Researchers have used a technology that utilizes sound to treat tumors. Apart from breaking down tumors, it also helps prevent the recurrence and further spread of cancer.
The new technique is called histotripsy, and it essentially disrupts tumors using “precisely controlled acoustic cavitation,” the researchers noted in their paper, published in Cancers.
“Our transducer, designed and built at U-M, delivers high amplitude microsecond-length ultrasound pulses—acoustic cavitation—to focus on the tumor specifically to break it up,” Zhen Xu of the University of Michigan (U-M), the study’s corresponding author, explained in the university news release. “Traditional ultrasound devices use lower amplitude pulses for imaging.”
The researchers explained that though histotripsy has been used to disrupt tumors, there has been “insufficient evidence” regarding its effects on recurrence and metastases or the spread of cancer to a body part that’s different from where it started.
For their work, the researchers looked at the effect of partially destroying tumors using histotripsy. As the university noted, the entire cancerous tumor cannot be targeted in many situations, so the researchers targeted only a part of the mass (50-75%) and left part of the tumor intact to see the treatment’s effectiveness.
Interestingly, even if they left a part of the mass still intact in the rats they tested, the animals’ immune systems were able to take care of the rest of the tumor.
“Even with partial ablation, complete local tumor regression was observed in 81% of treatment rats, with no recurrence or metastasis,” the researchers wrote. “In contrast, 100% of the untreated control animals showed local tumor progression and intrahepatic metastases.”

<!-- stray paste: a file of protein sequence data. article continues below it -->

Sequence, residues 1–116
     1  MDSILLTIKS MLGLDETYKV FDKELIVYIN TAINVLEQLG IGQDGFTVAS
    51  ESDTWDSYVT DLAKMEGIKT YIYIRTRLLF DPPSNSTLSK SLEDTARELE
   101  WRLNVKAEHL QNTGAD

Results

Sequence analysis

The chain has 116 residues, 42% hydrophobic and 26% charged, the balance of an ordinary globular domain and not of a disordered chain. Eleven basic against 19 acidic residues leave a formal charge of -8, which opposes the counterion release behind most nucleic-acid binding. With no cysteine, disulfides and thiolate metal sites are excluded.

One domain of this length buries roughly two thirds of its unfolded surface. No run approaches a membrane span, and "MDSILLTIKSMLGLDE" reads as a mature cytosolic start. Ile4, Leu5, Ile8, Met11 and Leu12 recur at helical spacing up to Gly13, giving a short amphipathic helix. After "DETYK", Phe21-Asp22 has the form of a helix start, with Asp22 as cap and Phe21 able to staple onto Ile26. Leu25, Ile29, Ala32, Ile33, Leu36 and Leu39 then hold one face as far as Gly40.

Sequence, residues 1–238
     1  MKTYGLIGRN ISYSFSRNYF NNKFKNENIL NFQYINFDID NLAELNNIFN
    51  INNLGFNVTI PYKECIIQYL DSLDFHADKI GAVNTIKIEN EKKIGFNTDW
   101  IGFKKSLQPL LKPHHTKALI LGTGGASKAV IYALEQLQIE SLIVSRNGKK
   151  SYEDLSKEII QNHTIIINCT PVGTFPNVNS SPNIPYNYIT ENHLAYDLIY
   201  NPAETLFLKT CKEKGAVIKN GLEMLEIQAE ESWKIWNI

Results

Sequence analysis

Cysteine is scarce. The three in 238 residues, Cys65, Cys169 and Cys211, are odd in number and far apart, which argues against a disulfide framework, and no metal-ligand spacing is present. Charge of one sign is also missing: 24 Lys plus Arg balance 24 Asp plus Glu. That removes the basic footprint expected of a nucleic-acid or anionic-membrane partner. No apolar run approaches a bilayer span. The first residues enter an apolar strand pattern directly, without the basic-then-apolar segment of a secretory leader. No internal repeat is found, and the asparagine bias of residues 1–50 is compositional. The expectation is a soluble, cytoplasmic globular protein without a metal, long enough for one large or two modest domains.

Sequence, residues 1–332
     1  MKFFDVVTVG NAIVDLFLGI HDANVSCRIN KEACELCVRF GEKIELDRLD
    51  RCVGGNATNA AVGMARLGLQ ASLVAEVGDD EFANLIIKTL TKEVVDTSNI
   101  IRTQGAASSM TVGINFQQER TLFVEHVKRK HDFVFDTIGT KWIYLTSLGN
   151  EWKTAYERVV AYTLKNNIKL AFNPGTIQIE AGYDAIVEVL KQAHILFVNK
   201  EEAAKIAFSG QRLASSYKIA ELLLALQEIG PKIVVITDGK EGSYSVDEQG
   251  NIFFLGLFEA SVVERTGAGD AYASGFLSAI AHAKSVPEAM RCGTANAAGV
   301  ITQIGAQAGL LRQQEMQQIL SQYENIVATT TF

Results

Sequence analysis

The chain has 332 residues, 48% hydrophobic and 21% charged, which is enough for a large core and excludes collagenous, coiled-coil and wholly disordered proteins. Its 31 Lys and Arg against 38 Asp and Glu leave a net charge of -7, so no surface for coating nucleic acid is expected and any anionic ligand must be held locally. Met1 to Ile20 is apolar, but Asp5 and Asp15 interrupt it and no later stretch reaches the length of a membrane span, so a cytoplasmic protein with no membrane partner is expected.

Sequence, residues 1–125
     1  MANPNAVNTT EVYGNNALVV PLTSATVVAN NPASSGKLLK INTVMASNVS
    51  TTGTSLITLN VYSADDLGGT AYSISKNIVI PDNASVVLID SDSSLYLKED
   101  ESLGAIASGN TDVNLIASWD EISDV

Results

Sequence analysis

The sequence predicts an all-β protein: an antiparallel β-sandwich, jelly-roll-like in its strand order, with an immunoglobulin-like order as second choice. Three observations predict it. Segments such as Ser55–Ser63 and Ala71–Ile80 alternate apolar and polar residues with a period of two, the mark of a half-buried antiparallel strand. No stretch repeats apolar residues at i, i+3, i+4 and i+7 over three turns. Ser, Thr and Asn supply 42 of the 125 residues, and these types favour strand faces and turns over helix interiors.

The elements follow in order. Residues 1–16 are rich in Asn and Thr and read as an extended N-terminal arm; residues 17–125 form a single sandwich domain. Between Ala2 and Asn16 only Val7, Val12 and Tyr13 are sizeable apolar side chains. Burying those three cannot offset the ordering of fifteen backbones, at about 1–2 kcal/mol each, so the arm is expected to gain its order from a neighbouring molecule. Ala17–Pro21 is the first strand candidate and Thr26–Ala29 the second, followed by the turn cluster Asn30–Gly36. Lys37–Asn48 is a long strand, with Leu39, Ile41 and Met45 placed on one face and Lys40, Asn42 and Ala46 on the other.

The animals treated with histotripsy also had improved survival outcomes and “increased immune infiltration.” According to the researchers, the treatment’s stimulation of the rats’ immune response may have contributed to the eventual regression of the tumor that was left behind.
The treatment shows promise in improving cancer in humans. So far, histotripsy is being used in the U.S. and Europe for human liver cancer trials. As U-M noted, liver cancer has a high prevalence of tumor recurrence and metastasis after initial treatment.
“Histotripsy is a promising option that can overcome the limitations of currently available ablation modalities and provide safe and effective noninvasive liver tumor ablation,” Tejaswi Worlikar, one of the study authors, said in the U-M news release. “We hope that our learnings from this study will motivate future preclinical and clinical histotripsy investigations toward the ultimate goal of clinical adoption of histotripsy treatment for liver cancer patients.”